The weight of this world is crushing. It seems to bear down on all of the pressure points at the same time, never allowing for a reprieve or a chance to adjust or shift. Just a stubbornly persistent piling-on and piling-up of everything. I feel this. My partner feels this. My colleagues feel this. And, of course, our students feel this.
I am struck by the constant background noise about what will come next….what life will be like after. Nowhere is the noise louder than amongst educators. As we slog slowly toward the halfway point for this school year, there appears to be a renewed sense of urgency and, at times, panic. How are we preparing our students? What has become of the rigor we are used to demanding of our students? Where are the (often unreasonably) high expectations we have for ourselves?
How will they measure up when they enter in the fall?
But there is also the recognition that we can’t give them any more than we are already giving them. Rigor has shrunk next to the perilous state of our collective mental and physical health. Tests are secondary to students’ wellbeing. Our expectations are that they simply show up; do their best. Often, we congratulate one another because we simply show up; do our best. We can’t demand any more from them and there isn’t much left of ourselves to give.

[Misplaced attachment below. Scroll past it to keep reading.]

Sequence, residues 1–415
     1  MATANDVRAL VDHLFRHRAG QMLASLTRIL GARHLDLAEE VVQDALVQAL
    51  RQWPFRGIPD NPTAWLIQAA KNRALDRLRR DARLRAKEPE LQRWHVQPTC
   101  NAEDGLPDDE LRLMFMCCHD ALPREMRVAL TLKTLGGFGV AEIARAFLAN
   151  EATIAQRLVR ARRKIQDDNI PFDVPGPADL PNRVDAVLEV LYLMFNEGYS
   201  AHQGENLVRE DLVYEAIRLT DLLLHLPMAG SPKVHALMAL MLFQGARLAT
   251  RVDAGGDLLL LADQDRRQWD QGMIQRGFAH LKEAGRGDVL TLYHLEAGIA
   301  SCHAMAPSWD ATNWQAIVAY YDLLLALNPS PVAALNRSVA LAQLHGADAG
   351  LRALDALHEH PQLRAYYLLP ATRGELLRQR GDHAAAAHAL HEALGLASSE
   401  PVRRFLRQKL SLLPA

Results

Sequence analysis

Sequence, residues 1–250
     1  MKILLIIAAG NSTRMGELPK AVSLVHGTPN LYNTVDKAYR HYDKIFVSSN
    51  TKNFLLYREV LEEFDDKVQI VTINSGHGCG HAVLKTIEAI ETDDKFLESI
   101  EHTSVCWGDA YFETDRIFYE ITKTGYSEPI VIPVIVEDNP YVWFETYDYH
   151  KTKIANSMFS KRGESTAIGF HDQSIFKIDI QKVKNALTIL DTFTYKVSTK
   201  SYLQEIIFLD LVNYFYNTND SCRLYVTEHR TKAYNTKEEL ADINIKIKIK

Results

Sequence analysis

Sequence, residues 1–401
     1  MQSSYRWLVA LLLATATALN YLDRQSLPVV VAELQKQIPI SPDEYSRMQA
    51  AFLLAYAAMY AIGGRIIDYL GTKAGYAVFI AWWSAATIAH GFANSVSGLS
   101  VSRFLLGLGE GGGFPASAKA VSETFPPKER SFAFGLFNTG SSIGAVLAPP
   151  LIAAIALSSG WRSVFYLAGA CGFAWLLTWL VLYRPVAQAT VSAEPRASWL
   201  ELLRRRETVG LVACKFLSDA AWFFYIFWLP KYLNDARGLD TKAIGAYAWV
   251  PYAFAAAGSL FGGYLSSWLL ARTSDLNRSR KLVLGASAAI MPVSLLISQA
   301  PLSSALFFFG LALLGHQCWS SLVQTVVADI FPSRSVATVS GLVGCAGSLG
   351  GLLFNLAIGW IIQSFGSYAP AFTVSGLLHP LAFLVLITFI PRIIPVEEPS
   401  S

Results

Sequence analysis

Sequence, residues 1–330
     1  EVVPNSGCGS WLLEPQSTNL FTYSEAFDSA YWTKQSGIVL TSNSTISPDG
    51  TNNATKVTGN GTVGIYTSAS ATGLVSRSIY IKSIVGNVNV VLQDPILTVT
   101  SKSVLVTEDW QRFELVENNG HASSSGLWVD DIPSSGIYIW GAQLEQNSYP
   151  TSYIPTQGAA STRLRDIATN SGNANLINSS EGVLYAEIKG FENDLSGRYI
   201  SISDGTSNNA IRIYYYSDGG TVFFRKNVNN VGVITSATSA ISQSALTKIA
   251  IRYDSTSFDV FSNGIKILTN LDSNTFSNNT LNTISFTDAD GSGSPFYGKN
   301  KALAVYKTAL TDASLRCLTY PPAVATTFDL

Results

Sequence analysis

How will we measure up when they enter in the fall?
I am concerned that our energy is misdirected. We have so little control right now, but perhaps we need to look forward. What would this look like if we began to have a conversation about how to bring them in next year instead of how we send them out this year? We know what a student should look like when they enter in a normal year…..how are we going to greet them when they show up after a global pandemic? Instead of trying to stop the current bleed, maybe we need to consider how to nourish the broken body?
In focusing on the repair and the regrowth, we may find the hope that has been elusive for so long.